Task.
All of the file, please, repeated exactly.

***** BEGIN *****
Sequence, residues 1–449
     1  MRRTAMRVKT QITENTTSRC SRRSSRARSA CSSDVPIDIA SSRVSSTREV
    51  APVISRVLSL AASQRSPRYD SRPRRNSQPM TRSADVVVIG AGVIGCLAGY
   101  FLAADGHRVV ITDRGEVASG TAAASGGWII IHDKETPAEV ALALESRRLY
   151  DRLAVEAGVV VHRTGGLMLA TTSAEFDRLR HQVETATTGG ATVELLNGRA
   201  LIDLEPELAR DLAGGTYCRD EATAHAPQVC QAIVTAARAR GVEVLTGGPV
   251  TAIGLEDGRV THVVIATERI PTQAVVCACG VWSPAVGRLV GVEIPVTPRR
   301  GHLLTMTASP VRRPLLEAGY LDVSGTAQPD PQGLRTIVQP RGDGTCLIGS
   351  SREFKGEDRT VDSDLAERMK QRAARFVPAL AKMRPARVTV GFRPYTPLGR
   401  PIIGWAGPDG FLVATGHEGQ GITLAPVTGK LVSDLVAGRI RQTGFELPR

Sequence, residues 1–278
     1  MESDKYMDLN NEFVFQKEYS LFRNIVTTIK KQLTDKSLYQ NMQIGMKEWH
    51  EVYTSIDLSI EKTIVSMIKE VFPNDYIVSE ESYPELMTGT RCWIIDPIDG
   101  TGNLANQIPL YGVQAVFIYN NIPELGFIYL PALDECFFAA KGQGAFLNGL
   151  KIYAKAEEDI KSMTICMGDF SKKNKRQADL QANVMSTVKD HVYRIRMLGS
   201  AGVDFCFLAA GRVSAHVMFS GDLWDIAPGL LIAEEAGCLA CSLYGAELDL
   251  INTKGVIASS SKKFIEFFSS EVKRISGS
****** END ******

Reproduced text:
Sequence, residues 1–449
     1  MRRTAMRVKT QITENTTSRC SRRSSRARSA CSSDVPIDIA SSRVSSTREV
    51  APVISRVLSL AASQRSPRYD SRPRRNSQPM TRSADVVVIG AGVIGCLAGY
   101  FLAADGHRVV ITDRGEVASG TAAASGGWII IHDKETPAEV ALALESRRLY
   151  DRLAVEAGVV VHRTGGLMLA TTSAEFDRLR HQVETATTGG ATVELLNGRA
   201  LIDLEPELAR DLAGGTYCRD EATAHAPQVC QAIVTAARAR GVEVLTGGPV
   251  TAIGLEDGRV THVVIATERI PTQAVVCACG VWSPAVGRLV GVEIPVTPRR
   301  GHLLTMTASP VRRPLLEAGY LDVSGTAQPD PQGLRTIVQP RGDGTCLIGS
   351  SREFKGEDRT VDSDLAERMK QRAARFVPAL AKMRPARVTV GFRPYTPLGR
   401  PIIGWAGPDG FLVATGHEGQ GITLAPVTGK LVSDLVAGRI RQTGFELPR

Sequence, residues 1–278
     1  MESDKYMDLN NEFVFQKEYS LFRNIVTTIK KQLTDKSLYQ NMQIGMKEWH
    51  EVYTSIDLSI EKTIVSMIKE VFPNDYIVSE ESYPELMTGT RCWIIDPIDG
   101  TGNLANQIPL YGVQAVFIYN NIPELGFIYL PALDECFFAA KGQGAFLNGL
   151  KIYAKAEEDI KSMTICMGDF SKKNKRQADL QANVMSTVKD HVYRIRMLGS
   201  AGVDFCFLAA GRVSAHVMFS GDLWDIAPGL LIAEEAGCLA CSLYGAELDL
   251  INTKGVIASS SKKFIEFFSS EVKRISGS